The Power of the Matriarch

In every great dynasty lies at the heart of it a woman, an oracle of wisdom, grace and esteemed character, if you look past the man at the front she’s there, seamlessly woven into the fabric of the family.

When the men of England were away at war, perhaps that allowed a 20-year old Alice Diamond to take centre stage and rise up and become a queen to The Forty Elephants in 1916. An all female criminal girl gang, her reimagined family and her at the head, this is the matriarch redefined where the woman is ruthless, punchy and all powerful.

Around the same time, some miles North, and of similar ilk to Alice, though a diamond already refined from the rough, there was an Aunt Polly Gray heading the family business whilst the Peaky Blinders boys were fighting for their country for it was the women who stepped in to fill those perfectly sized shoes left behind by their men. You can’t help but wonder if the creation of the character Polly was inspired by the likes of Diamond.

If you thought Peaky Blinders was centred around Brummy gangster men pulling all the strings then you haven’t been paying attention. Even the great Tommy Shelby himself the voice and front of the notorious gang and later to become a political spokesman sought his counsel from none other than good Aunt Polly. 

Always there’s, seeing, watching and listening is the omnipotent  ‘Pol’. We learn very explicitly early on at the power she wields when one day, Thomas, consumed with his own quiet troubles goes to seek her out, and finds her in the church praying for the lost boys of war, “speak, God and Aunt Polly are listening”, she says, and so Thomas the war hero and revered hard man  absolves himself of the troubles weighing heavy on his heart. He may not say it, but it is for Pol to tell him what he should do, and no one else.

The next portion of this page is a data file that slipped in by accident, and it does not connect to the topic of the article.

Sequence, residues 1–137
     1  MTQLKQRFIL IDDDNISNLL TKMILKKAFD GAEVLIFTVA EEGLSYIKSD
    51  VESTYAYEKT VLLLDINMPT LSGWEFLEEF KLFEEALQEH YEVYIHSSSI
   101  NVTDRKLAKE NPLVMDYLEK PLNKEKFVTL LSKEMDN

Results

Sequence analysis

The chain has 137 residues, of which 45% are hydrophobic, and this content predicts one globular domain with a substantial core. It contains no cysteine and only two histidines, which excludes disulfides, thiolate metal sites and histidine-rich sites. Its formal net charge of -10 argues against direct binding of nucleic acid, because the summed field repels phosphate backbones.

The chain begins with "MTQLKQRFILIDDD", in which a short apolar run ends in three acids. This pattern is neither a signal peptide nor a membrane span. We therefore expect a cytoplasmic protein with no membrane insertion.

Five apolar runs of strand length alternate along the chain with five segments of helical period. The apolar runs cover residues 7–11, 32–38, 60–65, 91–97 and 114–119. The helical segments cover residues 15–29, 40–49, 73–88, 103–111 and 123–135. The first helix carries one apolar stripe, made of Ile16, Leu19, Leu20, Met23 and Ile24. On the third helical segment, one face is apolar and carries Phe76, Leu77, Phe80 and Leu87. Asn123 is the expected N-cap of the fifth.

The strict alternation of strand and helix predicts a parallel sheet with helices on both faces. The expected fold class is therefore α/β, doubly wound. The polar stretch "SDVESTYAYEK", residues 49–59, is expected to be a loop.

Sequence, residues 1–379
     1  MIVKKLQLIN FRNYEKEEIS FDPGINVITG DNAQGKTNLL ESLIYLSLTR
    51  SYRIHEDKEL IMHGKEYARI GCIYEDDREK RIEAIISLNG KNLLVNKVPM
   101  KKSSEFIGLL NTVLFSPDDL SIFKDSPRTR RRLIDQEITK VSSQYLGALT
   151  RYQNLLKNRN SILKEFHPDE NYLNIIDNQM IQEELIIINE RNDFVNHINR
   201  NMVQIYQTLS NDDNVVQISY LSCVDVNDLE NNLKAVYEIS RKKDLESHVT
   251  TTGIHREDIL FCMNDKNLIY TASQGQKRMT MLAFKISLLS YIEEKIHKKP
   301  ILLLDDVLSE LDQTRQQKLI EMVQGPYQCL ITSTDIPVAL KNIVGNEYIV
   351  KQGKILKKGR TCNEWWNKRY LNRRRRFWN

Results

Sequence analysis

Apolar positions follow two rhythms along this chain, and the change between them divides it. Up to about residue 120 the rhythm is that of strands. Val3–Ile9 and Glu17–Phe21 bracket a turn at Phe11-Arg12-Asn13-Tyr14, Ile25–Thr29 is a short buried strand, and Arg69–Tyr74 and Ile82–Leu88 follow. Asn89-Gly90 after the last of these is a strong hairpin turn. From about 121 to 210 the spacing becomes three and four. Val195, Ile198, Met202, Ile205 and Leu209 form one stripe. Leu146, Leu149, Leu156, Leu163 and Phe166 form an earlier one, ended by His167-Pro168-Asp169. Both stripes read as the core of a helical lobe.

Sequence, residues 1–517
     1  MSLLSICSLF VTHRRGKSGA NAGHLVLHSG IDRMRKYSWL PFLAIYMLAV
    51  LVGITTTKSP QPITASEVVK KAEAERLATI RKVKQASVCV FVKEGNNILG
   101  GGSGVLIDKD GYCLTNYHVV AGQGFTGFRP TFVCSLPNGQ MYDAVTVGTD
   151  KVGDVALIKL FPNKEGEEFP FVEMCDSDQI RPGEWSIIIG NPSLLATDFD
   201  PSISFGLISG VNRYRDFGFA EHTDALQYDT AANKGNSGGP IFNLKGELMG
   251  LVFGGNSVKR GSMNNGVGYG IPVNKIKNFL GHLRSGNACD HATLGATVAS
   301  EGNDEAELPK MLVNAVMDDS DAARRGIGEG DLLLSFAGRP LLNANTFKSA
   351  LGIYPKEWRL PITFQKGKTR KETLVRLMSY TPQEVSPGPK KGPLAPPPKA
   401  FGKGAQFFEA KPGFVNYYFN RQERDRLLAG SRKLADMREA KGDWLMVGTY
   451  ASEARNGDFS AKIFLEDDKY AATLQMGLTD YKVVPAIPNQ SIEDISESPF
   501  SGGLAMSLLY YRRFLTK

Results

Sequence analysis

Let us place aside the more traditional Mrs Bennett with her well-kept house and mild manners for it has no place in this domain. Polly holds a gun against the temple of her nephew Jon when we first meet her, teaching him a lesson for leaving his gun lying around the house where it was picked up by the idle hands of Jon’s youngest brother. Her lessons are not gentle, she has a brutality laced with a kindness to keep her family in check and would pull that trigger without hesitation should the occasion come calling, and inevitably we find later on that it did.

Much credit for Polly’s tenacity must be given to the late and great Helen McCrory who possessed a gift to electrify every fibre of her character on screen, Helen brought with her that gutsy and flamboyant yet unspoken screen presence, mastered by few in her field, may she rest in peace. 

Always there etched into the existence of the family is the matriarch. You may not see her, you may not hear her but like God himself she knows everything about you. Mighty she goes, and more piercing than a metal bullet, like the good old Aunt Polly, she goes out with a bang.

By Alicia Jones

Alicia previously studied film and now works freelance in TV drama production. You can follow her on Instagram and Twitter.